As Lincoln led the nation into the Civil War, managing the Union was effort, issuing the Emancipation Proclamation, winning reelection in 1864, and planning the Reconstruction of the South, he also led a private life, defined by his close relationship with his wife and by his devotion to his children. Lincoln at Home offers a view into the life of family through their written correspondence.
With a brief account of their first years in the White House and the complete collection of all the known letters exchanged by Abraham and Mary Todd Lincoln, this elegant portrait defines the sixteenth president as a dedicated -- though often a desperately busy and distracted -- family man.
Lincoln at Home is an intimate and rare glimpse of the president as husband and father, a cheerful man pinned to the floor while playing with his children, and a desolate man struck down with grief at the death of his son. Beyond this, we are shown a personal side of the man who managed one of the most difficult periods in American history.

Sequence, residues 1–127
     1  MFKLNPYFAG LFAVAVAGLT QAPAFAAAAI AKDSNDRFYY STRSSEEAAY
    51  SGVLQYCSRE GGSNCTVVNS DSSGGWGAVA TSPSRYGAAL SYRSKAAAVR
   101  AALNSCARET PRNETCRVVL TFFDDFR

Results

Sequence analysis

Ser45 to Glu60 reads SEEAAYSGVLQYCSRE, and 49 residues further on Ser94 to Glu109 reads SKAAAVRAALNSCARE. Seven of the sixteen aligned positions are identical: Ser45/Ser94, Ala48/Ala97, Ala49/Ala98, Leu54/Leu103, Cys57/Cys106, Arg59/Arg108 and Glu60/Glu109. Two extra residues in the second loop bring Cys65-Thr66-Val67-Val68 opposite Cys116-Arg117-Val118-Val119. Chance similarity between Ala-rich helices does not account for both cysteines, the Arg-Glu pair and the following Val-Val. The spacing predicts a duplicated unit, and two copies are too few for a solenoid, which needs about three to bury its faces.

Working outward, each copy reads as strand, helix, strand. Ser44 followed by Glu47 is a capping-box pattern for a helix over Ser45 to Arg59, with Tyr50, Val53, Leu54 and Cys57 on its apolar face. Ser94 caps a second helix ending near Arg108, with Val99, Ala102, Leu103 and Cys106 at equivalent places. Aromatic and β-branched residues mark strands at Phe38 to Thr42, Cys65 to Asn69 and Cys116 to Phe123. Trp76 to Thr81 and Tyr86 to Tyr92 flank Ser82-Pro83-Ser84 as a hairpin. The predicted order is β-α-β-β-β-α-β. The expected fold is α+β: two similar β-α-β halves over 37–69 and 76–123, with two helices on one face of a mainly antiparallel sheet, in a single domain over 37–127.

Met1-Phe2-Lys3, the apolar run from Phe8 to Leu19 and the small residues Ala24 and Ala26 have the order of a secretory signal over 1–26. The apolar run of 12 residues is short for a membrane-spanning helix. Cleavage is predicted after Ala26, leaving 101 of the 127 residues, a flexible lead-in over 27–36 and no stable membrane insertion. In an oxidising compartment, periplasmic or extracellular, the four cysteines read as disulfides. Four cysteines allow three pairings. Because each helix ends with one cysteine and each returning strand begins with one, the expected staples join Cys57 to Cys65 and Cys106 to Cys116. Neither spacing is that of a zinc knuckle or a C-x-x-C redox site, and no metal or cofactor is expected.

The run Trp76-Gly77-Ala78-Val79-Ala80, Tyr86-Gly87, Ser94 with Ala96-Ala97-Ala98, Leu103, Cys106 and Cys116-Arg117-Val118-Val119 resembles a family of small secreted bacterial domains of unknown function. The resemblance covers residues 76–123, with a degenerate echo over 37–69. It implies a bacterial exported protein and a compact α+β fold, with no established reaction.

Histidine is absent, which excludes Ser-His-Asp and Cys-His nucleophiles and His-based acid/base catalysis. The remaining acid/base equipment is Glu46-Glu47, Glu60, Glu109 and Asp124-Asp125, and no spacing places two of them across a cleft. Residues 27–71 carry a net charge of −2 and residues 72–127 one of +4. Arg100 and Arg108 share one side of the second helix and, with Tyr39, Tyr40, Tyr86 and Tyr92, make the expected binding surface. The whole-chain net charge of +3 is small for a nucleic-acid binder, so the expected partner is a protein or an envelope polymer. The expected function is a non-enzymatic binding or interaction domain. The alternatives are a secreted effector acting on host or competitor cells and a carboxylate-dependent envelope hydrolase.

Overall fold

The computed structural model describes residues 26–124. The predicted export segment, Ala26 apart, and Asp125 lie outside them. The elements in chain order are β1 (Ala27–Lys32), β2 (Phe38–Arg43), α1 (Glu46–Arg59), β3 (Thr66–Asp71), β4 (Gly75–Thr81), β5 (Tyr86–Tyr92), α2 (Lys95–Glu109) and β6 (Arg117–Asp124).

David Herbert Donald is the author of Lincoln, which won the prestigious Lincoln Prize and was on the New York Times bestseller list for fourteen weeks, and of Lincoln at Home. He has twice won the Pulitzer Prize, for Charles Sumner and the Coming of the Civil War, and for Look Homeward: A Life of Thomas Wolfe. He is the Charles Warren Professor of American History and of American Civilization Emeritus at Harvard University and resides in Lincoln, Massachusetts.
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